I know you probably think it’s weird, and I’m OK with that. The thing is, there are lots of edible plants all around us, but we have been convinced that it’s better to buy food than to grow food or eat what is available. Think about it for a moment. Who benefits from this? Food companies and grocery stores, but not necessarily your body. You may even be afraid to eat from your yard. And if you use herbicides or pesticides, that is a good impulse. If, however, your yard exists in a state of benign neglect like mine, you can probably find some tasty, healthful and perhaps even medicinal plants. In the spring, we first notice the violets, which I showed you how to candy here. Next, we see the dandelions. Dandelions, while most often thought of as a pesky weed to be eliminated at all costs, were imported by immigrating Europeans because they are such a medicinal panacea. Free, medicinal panacea. Free, easy to grow, medicinal panacea. You get the point. I missed the blossoms this year, which we make into fritters, but we did harvest a good quantity of leaves that I made into Indian-inspired pakora (fritters). The root can be dried and roasted and used as a liver cleanse and/or coffee substitute. But I digress. Today’s post is about roses.

I have a lovely rose bush in my yard that we inherited with the house. For the first few years we were here, it was pathetic and scraggly and had only a few blossoms each year. I even offered to dig it up and give it to a friend. Luckily, she never came for it because in the interim years, it has decided to flourish. It is extremely fragrant and smells like only pure roses can. I literally require my family to stop and smell the roses when they are blooming, because there is absolutely nothing like it. It’s funny how in my post on candied violets, I mentioned that my grandmother used to eat violet pastilles. Here I am going to mention her again. Growing up when I would visit my grandparents in the summer, there were rose bushes at their house. Sometime, my grandmother suggested that I eat the rose petals. I do not know why. But I did. With peanut butter. That was my suggestion, but I’m not suggesting it now, because that is clearly a child’s palate. Probably I thought the peanut butter would cover up the taste of the rose!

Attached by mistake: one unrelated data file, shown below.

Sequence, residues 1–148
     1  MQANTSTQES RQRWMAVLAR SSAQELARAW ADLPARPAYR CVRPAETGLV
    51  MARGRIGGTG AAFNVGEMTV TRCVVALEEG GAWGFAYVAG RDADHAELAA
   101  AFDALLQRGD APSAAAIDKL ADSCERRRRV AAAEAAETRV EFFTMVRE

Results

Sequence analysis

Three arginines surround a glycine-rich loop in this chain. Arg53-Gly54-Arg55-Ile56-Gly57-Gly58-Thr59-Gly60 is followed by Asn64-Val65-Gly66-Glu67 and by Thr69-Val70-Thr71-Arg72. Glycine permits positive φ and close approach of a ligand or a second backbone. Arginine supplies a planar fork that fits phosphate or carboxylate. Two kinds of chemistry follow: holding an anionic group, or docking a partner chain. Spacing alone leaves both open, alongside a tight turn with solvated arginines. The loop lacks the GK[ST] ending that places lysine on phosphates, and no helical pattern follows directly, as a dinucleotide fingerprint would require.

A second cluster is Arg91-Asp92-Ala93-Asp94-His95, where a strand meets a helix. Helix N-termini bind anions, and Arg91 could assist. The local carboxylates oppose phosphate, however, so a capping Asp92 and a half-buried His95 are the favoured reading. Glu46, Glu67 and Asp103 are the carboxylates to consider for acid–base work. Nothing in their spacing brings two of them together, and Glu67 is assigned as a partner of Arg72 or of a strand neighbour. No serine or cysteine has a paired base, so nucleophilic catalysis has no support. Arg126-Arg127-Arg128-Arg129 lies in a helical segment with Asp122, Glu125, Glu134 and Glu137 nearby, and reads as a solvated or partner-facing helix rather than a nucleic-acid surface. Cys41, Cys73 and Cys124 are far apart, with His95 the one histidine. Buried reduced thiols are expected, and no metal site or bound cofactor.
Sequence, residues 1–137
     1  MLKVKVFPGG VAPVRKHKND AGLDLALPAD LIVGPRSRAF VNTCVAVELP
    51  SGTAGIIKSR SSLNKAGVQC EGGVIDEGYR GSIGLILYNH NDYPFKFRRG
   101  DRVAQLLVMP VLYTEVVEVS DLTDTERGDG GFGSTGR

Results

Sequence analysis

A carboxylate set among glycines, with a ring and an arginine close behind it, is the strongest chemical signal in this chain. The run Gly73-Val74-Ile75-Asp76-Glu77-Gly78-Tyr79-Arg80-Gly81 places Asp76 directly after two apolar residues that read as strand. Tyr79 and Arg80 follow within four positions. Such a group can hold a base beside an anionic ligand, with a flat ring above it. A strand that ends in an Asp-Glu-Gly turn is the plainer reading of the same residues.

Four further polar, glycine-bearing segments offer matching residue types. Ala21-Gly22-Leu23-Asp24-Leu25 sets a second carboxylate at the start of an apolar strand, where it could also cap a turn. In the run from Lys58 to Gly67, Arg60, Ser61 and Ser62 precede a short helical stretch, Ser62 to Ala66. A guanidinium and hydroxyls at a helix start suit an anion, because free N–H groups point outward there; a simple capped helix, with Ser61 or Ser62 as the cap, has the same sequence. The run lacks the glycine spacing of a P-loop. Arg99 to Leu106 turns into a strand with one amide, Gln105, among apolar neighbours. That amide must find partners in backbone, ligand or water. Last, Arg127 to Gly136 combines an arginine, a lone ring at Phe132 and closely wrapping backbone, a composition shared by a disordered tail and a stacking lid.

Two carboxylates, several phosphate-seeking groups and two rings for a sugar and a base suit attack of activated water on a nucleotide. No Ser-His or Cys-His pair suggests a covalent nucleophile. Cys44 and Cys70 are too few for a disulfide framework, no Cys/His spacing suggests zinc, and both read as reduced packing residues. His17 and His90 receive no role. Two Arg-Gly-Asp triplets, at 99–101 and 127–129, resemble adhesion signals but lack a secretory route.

Last year, in an effort to hold onto the fragrance and beauty of those pink roses, I came up with a few recipes. The first was a rose petal “jam” based on some traditional Eastern European recipes. It involves only filling your food processor with fresh, “organic” rose petals, lemon zest, a squeeze of lemon juice and sugar to taste. The petals puree down to a thick, heavenly scented paste that can be saved in the fridge for quite some time. It is amazing on toast. I also used it to make Rose Smoothies, which was just a passing idea but the kids quite liked. This year, the rain beat my roses badly, so I only had a few perfect roses to use, so I tossed them into a smoothie without making the jam.

The taste is light and fresh, but creamy like a milkshake. The color of your roses will influence the final color of the smoothie.

Put all the following ingredients into a blender or smoothie jar, scaling the ingredients for your portions:

    • Just picked rose petals to equal 2 roses (or more) for each smoothie, shaken to remove insects
    • Ice cubes
    •  Vanilla extract or paste 1/4 tsp for each serving
    • 1-2 Tablespoons raw honey for each serving
    • Coconut milk or milk of choice to fill the cup

Puree your smoothie and drink it up! Rose petals are a good source of vitamin C, which helps to cool the body in the summertime. So if you needed another reason to try it – there you go!

**It might go without saying, but absolutely do not use conventionally grown commercial roses or roses that have been sprayed with pesticides, or any roses you are not 100% sure are not chemically treated for this smoothie.


Signs of Spring or Eating from Your Yard

by Chance on April 4, 2014

Here in Atlanta, spring has sprung! Some of the earliest signs of spring here are… allergies. Actually, we start to notice tiny flowers first. Violets are in abundance in my yard and my neighbor’s yard this year. I had read about and mentioned candying violets to my daughter in the last few weeks and at her insistence, we tried it. Violets are supposed to be a good source of vitamin C, plus they’re pretty, plus I think it’s a good idea to eat things out of your yard (as long as you know they have not been treated!). When I was a child, I remember having violet pastille candies with my grandmother.

The recipe is simple: violets, a lightly beaten egg white and superfine sugar. I used an egg from my chickens. For those of you who eschew raw eggs, you will want to buy either flash pasteurized eggs, pasteurized egg white or merengue powder. Water will not work, sorry.  I used an organic cane sugar which is so fine already that I didn’t bother with powdering it or purchasing castor sugar. It worked fine.